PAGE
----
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Old 12-08-2019, 12:57 PM
 
Location: Living rent free in your head
35,293 posts, read 16,324,081 times
Reputation: 25887

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Quote:
Originally Posted by mixxalot View Post
Unfortunately buying anything in Land Park, Pocket, Curtis Park or midtown is super expensive now.
Midtown and Curtis Park are but not the other areas you mentioned:

https://www.redfin.com/CA/Sacramento.../home/19079497

https://www.redfin.com/CA/Sacramento.../home/19013766

https://www.redfin.com/CA/Sacramento.../home/19417197
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Old 12-09-2019, 10:53 PM
 
Location: California USA
1,291 posts, read 746,637 times
Reputation: 376
Quote:
Originally Posted by WizardOfRadical View Post
For me, the turn off about the new areas in Rancho Cordova is the "naturally occurring asbestos". That whole area, including 80% Folsom and El Darado Hills has this issue. And it may be another 10-20 years before the ramifications of building in those hills is is known. But I do know that new development kicks that soil up and puts it in the air.
It's important that hazards, both natural and man made, are readily available so buyers can make informed decisions. The naturally occuring asbestos affects the easternmost areas of Sac County. Doesn't include Rancho. But, in all honesty doesnt seem to affect people's health.


http://www.airquality.org/Stationary...cels_redux.pdf

Also there's the Aerojet contamination plume but I'm surprised how few people understand the extent of the plume.It includes Gold River and part of Carmichael. However, again it hasn't been a health problem.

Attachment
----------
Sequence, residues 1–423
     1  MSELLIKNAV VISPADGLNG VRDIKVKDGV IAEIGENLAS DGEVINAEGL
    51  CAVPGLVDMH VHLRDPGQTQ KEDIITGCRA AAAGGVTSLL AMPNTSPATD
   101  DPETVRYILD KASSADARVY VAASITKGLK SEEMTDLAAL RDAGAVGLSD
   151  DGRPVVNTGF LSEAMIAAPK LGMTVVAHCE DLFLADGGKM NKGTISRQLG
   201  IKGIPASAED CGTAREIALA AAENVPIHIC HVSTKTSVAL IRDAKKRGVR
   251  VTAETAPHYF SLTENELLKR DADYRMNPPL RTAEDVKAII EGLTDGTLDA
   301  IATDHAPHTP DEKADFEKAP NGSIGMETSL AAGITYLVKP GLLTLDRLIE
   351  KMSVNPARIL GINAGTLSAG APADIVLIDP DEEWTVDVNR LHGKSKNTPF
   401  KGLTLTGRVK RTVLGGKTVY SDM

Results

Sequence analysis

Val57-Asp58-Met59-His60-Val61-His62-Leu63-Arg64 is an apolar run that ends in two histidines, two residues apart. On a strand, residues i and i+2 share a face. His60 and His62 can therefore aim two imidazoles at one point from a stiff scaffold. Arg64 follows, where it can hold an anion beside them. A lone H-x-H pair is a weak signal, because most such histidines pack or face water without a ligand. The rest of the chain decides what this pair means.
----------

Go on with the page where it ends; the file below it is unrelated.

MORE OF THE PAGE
https://www.waterboards.ca.gov/centr...update_fig.pdf
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Old 12-09-2019, 11:34 PM
 
Location: California USA
1,291 posts, read 746,637 times
Reputation: 376
Quote:
Originally Posted by WizardOfRadical View Post
Gold River is more a neighborhood. But the reason I think it is highly rated is 2 fold.

First it has it's own highly performing K-8 school , as well as being zoned to Rio Americano high. So the schools are solid.

Second is it's location. It's right on the American River which is lovely. It is adjacent to the 50 freeway and light rail stops of Sunrise and Hazel Ave. Which makes a downtown commute doable. It also close to job centers in Rancho Cordova.

Though I imagine much of your shopping, dining, nightlife and such would have to be done in Fair Oaks or Folsom.
The Discovery K-8 school is a solid performing school but so are other schools nearby.The Elk Grove School District has schools on par or better performing ones.

Discovery ranked 76.5% better than other elementary schools in Ca.

https://www.schooldigger.com/go/CA/s...60/school.aspx

Robert J McGarvey in Anatolia which is one of two elementary schools serving that part of Rancho ranked 85.6% better than other elementary schools in CA.

https://www.schooldigger.com/go/CA/s...66/school.aspx

High schools:

Bella Vista is a solid school:

Ranked higher than 86.9% of high schools

https://www.schooldigger.com/go/CA/s...56/school.aspx

Pleasant Grove High part of the Elk Grove School District (this school draws students from Rancho south of Douglas and Rancho Murrieta):

Ranked higher than 94.9% of high schools

https://www.schooldigger.com/go/CA/s...67/school.aspx

Folsom High

Ranked higher than 96.3% of high schools in California

https://www.schooldigger.com/go/CA/s...70/school.aspx

Just my opinion but if your going to pay Folsom prices to live in Gold River, will be going to Folsom for shopping and dining, yet the schools aren't ranked higher than the ones in south Rancho I'd just live in Folsom.